Tag Archives: routine

What is the best present for a modern child?

Here’s a riddle: where hides the best present for the modern child who has nearly everything? To put it short: my children don’t enjoy the sweet small gifts for the new year that I put into their socks at night. They show signs of disappointment if it’s not some shiny model of a trophy tank or a mermaid who solves double integrals. They show almost no interest if it’s a simple thing like a set of color markers or stickers for room decoration – something I would enjoy tremendously in my childhood.

Spoiled? Maybe. But I believe it’s more of a trend, that has to do with the growing addiction to the digital devices: smartphones, tablets and so forth.

Every time a problem pops up, I like to analyze, look for reasons and come up with a smart and elegant solution and feel very smart. But this time I admit – I only see the phenomena but no way to get rid of it.

Children of the digital age – my children, in particular, obviously have different set of priorities than I used to have in my childhood around 30 years ago. I’m more than OK with the digital age but yet – I still read thick paper books, appreciate moments of total silence boredom? and make sure I do not become too addicted to the smartphone. But how come, that my little people have lost a great part of appreciation of material things called toys?

This is a cry into the void. Yet, I have come up with observations and ways to turn the old-fashioned toys into best presents.

Listen to your child – she will tell you everything

Children often tell us directly what kind of presents they wish for. It’s parents, who systematically choose to ignore or forget. Busy, tired, distracted – there are many reasons why moms don’t hear the messages that are poured directly into their ears.

I make a conscious effort to hear them. I struggle to create a space somewhere between the nerve cells of my brain, sort and store the most important information. It ranges between casual after-school conversations to serious evening talks about global social issues. It’s about getting used to being there when your child talks. (Even if that means answering with an “uh-huh” because you are too tired to stir the muscles of your jaws). Then you both may find yourselves in a better place of mutual understanding.

Ask them

Yes, the element of surprise will disappear. However, asking a direct question will save the guess work and will ensure you give them something they genuinely crave for. By the way, it often happens that kids forget they had told you what they had told you, so the element of surprise might reappear if you wait long enough.

Surprising or not – the conclusion:

Despite the said above, once the digital devices are put away for a while, a magic thing happens – my children become children again: creatures happy from just being there at home with their mom and dad. They jump on sofas, mold with play-dough, stand on their heads and write stories (on paper). Plush dogs and cats become best presents again. My straightforward conclusion: it’s us, parents, who allow children to hang an endless amount of time with the devices, because it’s us, parents, who crave for the quiet hours moments. Which means, that it’s all up to the mom – how long can she last (work, rest) without her kids being fixed on the monitor?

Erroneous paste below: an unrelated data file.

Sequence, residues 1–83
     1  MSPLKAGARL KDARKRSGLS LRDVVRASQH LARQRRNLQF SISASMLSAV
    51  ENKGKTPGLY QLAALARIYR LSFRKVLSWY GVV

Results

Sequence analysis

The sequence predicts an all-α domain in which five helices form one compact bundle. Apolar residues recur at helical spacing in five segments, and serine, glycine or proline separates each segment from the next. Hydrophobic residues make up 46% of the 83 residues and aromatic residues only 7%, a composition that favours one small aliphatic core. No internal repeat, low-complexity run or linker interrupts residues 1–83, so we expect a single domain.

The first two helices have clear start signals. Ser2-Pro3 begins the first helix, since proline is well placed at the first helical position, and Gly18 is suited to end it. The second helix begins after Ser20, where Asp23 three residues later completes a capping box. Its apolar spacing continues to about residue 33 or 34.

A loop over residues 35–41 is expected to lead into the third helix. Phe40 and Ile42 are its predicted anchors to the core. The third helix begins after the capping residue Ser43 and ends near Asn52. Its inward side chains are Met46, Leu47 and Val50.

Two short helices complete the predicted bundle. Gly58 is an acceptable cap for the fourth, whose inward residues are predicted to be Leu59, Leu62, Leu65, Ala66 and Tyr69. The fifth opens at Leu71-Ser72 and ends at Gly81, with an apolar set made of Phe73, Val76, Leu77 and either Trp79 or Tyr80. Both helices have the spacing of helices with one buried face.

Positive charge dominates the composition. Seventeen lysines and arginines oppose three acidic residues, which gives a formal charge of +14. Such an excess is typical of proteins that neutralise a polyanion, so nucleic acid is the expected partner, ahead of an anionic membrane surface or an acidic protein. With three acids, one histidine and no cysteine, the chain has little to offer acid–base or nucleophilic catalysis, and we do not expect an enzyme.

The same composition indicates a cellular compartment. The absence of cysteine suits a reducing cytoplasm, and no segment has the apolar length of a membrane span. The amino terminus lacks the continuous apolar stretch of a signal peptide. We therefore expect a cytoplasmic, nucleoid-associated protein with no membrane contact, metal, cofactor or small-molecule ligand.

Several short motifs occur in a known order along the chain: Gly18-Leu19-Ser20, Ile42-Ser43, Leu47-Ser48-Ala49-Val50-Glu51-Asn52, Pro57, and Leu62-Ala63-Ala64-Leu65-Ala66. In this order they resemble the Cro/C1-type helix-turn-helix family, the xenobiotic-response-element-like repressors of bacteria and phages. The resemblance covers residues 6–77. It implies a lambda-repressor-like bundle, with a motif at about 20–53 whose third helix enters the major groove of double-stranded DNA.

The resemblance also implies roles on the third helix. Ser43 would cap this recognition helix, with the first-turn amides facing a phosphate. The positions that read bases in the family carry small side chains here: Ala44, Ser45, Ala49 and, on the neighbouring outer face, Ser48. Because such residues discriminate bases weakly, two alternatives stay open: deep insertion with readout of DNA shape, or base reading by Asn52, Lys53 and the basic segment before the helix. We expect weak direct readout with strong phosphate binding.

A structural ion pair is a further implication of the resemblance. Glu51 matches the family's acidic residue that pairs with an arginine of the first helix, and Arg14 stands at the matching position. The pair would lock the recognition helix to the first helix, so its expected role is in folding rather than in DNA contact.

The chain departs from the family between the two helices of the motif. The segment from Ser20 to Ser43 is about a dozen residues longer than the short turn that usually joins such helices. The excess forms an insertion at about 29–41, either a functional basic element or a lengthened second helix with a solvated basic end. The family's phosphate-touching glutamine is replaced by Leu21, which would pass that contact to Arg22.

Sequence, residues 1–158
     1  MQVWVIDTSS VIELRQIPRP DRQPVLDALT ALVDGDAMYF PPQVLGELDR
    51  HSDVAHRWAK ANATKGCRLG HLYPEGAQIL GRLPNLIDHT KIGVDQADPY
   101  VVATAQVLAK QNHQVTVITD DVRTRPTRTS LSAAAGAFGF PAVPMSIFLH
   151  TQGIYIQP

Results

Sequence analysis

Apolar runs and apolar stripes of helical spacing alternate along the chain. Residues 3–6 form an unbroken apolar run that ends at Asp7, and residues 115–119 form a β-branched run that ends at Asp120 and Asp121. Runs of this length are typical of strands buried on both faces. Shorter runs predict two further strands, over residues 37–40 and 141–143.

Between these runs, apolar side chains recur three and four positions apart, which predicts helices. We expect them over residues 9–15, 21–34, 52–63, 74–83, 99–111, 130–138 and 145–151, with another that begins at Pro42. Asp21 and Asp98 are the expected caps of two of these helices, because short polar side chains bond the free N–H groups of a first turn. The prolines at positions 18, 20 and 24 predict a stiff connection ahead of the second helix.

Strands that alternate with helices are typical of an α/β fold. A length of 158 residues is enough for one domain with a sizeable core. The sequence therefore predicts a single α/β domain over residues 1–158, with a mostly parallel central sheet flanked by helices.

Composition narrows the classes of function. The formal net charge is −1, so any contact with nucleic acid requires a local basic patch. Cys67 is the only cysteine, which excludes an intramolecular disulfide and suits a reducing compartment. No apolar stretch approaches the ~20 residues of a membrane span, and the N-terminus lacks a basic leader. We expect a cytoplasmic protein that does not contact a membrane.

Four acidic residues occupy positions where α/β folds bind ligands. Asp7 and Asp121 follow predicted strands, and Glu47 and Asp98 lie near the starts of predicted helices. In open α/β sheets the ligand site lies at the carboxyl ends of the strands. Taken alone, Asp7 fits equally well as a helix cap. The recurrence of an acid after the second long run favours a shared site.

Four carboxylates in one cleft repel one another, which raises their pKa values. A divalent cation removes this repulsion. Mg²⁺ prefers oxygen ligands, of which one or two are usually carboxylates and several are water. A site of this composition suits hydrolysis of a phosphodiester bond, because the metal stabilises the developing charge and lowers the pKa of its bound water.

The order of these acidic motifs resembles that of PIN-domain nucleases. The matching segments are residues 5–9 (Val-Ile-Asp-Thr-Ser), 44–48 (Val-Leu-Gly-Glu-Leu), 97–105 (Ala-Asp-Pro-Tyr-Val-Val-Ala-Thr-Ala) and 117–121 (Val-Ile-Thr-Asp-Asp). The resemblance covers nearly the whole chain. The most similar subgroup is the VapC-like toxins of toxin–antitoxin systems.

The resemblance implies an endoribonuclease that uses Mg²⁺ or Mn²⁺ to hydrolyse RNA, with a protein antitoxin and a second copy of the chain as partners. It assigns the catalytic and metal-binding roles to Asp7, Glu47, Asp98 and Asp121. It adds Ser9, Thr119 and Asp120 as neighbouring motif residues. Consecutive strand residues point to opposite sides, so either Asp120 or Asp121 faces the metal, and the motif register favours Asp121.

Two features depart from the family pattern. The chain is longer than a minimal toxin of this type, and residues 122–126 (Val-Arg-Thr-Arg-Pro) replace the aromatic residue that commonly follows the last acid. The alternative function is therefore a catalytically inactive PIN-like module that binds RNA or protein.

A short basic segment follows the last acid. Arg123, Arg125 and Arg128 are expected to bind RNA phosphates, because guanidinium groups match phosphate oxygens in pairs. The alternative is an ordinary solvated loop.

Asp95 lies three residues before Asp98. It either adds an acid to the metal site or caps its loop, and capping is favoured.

mom and children

How to allocate mom’s attention between several kids

 

Having many kids around means mom needs to allocate her time, energy and attention between them efficiently. By efficiently, I mean, that each kid will feel loved and appreciated in their own unique way. Some kids love to talk to their mom, asking questions and listening to long lectures. Other kids like to play and construct, build and create things – being together in the process of making stuff. There are also kids, who just need long hugs and flows of energy without too much other activities going on.

One of my kids is the talking kind. We exchange a few thousands words per day and it does not seem to be enough. I find myself being exhausted of these conversations but,on the other hand, I realize, that this is the way of my kid to get their share of me. Any other ways won’t work as well.

My other kid is the hug-and-play kind, who chooses to stay close while I work, cook, read or knit. Talking is less of a priority, which gives me more space to concentrate on other things while sending rays of mom’s energy at the same time.

Is it that simple? Well, not really.

The interesting part begins when all the kids are tearing their mom apart sitting together each trying to get her unique attention – and my role here, as I see it, is to be able to quickly switch from one kind of attention to another.

The competition for mom’s attention does not end regardless of the kids’ age. I guess it’s something that lasts all the way through and never actually stops, maybe until full adulthood. Not sure I will still be running this blog when I get there, but if so, I will let you know.

Ta-dam! A newborn joins a family with older kids